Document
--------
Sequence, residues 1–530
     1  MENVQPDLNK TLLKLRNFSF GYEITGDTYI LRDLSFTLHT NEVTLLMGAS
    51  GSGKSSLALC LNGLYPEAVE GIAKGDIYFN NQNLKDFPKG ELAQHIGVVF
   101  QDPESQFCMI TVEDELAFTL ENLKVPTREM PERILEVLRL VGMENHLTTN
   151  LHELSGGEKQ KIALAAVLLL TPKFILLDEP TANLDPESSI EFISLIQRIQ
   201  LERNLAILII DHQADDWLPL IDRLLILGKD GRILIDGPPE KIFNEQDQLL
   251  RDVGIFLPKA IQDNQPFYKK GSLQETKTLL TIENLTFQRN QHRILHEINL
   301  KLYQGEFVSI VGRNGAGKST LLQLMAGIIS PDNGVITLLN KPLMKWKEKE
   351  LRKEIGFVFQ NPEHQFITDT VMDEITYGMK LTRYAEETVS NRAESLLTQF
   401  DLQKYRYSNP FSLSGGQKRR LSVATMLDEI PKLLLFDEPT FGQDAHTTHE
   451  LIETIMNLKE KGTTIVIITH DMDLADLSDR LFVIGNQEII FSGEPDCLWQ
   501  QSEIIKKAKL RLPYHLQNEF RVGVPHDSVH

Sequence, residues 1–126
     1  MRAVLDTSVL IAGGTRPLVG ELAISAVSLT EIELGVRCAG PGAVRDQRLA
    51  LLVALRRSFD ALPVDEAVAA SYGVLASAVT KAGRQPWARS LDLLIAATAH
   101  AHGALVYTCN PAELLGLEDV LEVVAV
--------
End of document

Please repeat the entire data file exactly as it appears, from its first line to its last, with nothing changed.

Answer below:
Sequence, residues 1–530
     1  MENVQPDLNK TLLKLRNFSF GYEITGDTYI LRDLSFTLHT NEVTLLMGAS
    51  GSGKSSLALC LNGLYPEAVE GIAKGDIYFN NQNLKDFPKG ELAQHIGVVF
   101  QDPESQFCMI TVEDELAFTL ENLKVPTREM PERILEVLRL VGMENHLTTN
   151  LHELSGGEKQ KIALAAVLLL TPKFILLDEP TANLDPESSI EFISLIQRIQ
   201  LERNLAILII DHQADDWLPL IDRLLILGKD GRILIDGPPE KIFNEQDQLL
   251  RDVGIFLPKA IQDNQPFYKK GSLQETKTLL TIENLTFQRN QHRILHEINL
   301  KLYQGEFVSI VGRNGAGKST LLQLMAGIIS PDNGVITLLN KPLMKWKEKE
   351  LRKEIGFVFQ NPEHQFITDT VMDEITYGMK LTRYAEETVS NRAESLLTQF
   401  DLQKYRYSNP FSLSGGQKRR LSVATMLDEI PKLLLFDEPT FGQDAHTTHE
   451  LIETIMNLKE KGTTIVIITH DMDLADLSDR LFVIGNQEII FSGEPDCLWQ
   501  QSEIIKKAKL RLPYHLQNEF RVGVPHDSVH

Sequence, residues 1–126
     1  MRAVLDTSVL IAGGTRPLVG ELAISAVSLT EIELGVRCAG PGAVRDQRLA
    51  LLVALRRSFD ALPVDEAVAA SYGVLASAVT KAGRQPWARS LDLLIAATAH
   101  AHGALVYTCN PAELLGLEDV LEVVAV